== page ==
I like to hang them for 3-5 days if possible,we cut out the inner loins when we hang it. Early in the season sometimes we have to quarter it up the same night and put it in the fridge for a day or two. When we went out to colorado elk hunting a couple years back the rancher there had a couple of mule deer hanging in the shed and said he keeps them there all winter and when they want a piece of meat they go out and cut a piece off. I also wanna say that some steak houses offer aged meat thats supposed to be better but it also costs more so ive never tried it. Dont know which way is right but we like to leave em hang for a couple of days when possible.
Jake

Genesis 27:3 Take your bow and quiver full of arrows out into the open country, and hunt some wild game.....

hunter480
 
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RE: How Many Here Butcher Their Own Deer?

Postby hunter480 » Tue Sep 30, 2008 11:50 am

ORIGINAL: Woods Walker

ORIGINAL: JPH

If memory serves, D&DH rean an article some years back that debunked the notion of aging deer in a tree or garage. I think it appeared in the 25th Anniversary book. I'll try to look it up later.

I have found the taste of the meat I butcher is most influenced by how fast I get it off the bone and on ice and how carefully I trim the fat.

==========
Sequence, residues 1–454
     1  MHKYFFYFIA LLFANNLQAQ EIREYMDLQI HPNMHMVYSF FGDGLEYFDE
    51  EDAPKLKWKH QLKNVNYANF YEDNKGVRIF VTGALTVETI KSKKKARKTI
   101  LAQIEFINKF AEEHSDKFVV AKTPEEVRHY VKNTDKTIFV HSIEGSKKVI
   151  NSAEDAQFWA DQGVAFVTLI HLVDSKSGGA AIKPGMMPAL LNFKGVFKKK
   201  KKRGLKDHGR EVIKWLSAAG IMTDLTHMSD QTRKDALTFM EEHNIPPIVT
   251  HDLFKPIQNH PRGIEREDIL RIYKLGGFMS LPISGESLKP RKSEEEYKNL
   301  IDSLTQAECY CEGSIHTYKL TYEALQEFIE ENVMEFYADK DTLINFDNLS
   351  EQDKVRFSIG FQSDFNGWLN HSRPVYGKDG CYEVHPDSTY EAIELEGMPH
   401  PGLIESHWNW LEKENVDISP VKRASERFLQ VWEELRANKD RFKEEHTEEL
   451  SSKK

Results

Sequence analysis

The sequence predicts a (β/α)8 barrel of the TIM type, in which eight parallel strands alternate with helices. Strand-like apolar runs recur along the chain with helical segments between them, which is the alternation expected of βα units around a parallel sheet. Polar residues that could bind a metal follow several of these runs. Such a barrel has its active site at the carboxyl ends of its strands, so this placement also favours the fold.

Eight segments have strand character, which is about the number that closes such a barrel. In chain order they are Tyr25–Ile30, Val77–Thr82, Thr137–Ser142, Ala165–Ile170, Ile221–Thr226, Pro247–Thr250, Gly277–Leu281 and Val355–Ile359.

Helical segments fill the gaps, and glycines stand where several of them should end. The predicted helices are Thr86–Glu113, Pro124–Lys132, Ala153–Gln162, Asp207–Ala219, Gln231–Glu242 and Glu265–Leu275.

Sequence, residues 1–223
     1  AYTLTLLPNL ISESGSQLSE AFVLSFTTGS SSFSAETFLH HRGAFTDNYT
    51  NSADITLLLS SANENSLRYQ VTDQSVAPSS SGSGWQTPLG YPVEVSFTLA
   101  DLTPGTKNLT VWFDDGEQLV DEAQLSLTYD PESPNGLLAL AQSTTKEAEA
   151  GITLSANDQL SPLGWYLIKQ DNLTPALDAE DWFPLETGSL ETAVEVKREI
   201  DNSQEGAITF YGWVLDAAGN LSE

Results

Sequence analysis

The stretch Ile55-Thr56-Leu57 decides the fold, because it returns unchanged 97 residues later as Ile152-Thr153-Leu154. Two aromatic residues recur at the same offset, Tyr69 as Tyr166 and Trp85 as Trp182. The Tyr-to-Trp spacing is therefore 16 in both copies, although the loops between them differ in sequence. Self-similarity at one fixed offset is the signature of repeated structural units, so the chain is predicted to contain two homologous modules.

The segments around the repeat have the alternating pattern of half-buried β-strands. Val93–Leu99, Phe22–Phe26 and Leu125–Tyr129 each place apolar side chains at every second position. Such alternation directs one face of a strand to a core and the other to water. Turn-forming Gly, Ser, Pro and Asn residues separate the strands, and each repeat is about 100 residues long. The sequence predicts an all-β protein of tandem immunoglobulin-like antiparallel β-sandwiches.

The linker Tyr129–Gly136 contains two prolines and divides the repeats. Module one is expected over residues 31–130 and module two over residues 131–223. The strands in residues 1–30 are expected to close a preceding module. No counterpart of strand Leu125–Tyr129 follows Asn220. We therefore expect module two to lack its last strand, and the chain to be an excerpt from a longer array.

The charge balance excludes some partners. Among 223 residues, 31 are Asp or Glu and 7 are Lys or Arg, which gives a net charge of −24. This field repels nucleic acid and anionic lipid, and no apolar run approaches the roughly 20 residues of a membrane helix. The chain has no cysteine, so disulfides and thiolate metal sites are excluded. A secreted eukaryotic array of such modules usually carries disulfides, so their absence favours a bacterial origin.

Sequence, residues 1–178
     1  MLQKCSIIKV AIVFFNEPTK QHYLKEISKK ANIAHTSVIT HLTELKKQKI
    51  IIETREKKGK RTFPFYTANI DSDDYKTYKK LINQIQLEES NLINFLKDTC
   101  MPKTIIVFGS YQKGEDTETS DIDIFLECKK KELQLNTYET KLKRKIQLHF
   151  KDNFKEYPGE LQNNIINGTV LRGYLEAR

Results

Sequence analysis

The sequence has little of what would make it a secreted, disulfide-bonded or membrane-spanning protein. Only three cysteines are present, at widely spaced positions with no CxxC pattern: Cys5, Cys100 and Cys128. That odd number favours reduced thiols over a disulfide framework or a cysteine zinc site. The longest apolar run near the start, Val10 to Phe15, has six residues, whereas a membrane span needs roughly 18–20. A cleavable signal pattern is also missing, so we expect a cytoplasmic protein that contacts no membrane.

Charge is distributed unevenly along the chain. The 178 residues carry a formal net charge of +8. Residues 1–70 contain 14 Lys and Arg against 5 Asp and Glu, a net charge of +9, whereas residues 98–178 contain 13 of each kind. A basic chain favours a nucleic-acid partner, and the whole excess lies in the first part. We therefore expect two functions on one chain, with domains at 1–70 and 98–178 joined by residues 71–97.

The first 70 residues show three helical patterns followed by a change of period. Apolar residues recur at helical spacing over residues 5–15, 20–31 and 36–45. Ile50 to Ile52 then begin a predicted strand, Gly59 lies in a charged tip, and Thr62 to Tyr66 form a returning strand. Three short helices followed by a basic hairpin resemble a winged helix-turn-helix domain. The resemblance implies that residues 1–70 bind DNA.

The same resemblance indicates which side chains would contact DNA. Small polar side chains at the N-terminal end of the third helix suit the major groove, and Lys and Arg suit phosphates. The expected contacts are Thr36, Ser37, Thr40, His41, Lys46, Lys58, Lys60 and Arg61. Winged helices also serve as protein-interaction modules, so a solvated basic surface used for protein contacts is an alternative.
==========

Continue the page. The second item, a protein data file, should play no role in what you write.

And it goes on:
Have you ever actually hung/aged one in the method I described? Not someone elses deer, where you have no idea of how it was handled, but yours. I've done over 4 dozen this way and have yet to have a bad one.
 
I will say this, and it's from personal experience. Hanging them for a while DOES increase the tenderness of the meat. Even bucks in the 2 and 3 year age range are tender this way.
 
A good friend of mine had killed his first deer (in the early morning), and we took the tenderloins out that night after hanging the deer to cook for a celebratory meal. I went on and on about how good they were and all, and they were TOUGH! That was the only time I'd ever cooked meat from a deer on the day it was killed, and the only time I've ever had tough tenderloins.
 
I do think that you don't really gain a whole lot more tenderness after 5 days or so, but IMO, I think you need at least 2 days from when it was killed, if conditions are good for it (high temps of the day not more than 45 degrees). 

 
Aging actually does make the meat more tender, as enzymes within the meat break down the muscle and connective tissue making it tender. It`s fact.
 
I`m talking to a local slaughter house, trying to get the owner to train me as a meat cutter. I`ve spent time on the kill floor, as well as much time in the boning room with a knife in-hand.
 
This guy ages beef 10 to 14 days between 38 and 42 degrees. And proper ventilation is critical. Also, don`t hang to age around gas, paint, etc., as the meat will absorb those orders.
 
I`ve had venison unaged as well as aged, and aged is the ticket for me.

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OHhunter
 
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RE: How Many Here Butcher Their Own Deer?

Postby OHhunter » Tue Sep 30, 2008 12:10 pm

I do my own, have been for about 5 or 6  years.  I like to get it done as soon as possible.  It's normally to warm to let it hang during bow season.  Heck our gun seasons have been 60 degrees or better here recently.
Brad

HUNT HARD, SHOOT STRAIGHT, CLEAN KILL APOLOGIZE TO NO ONE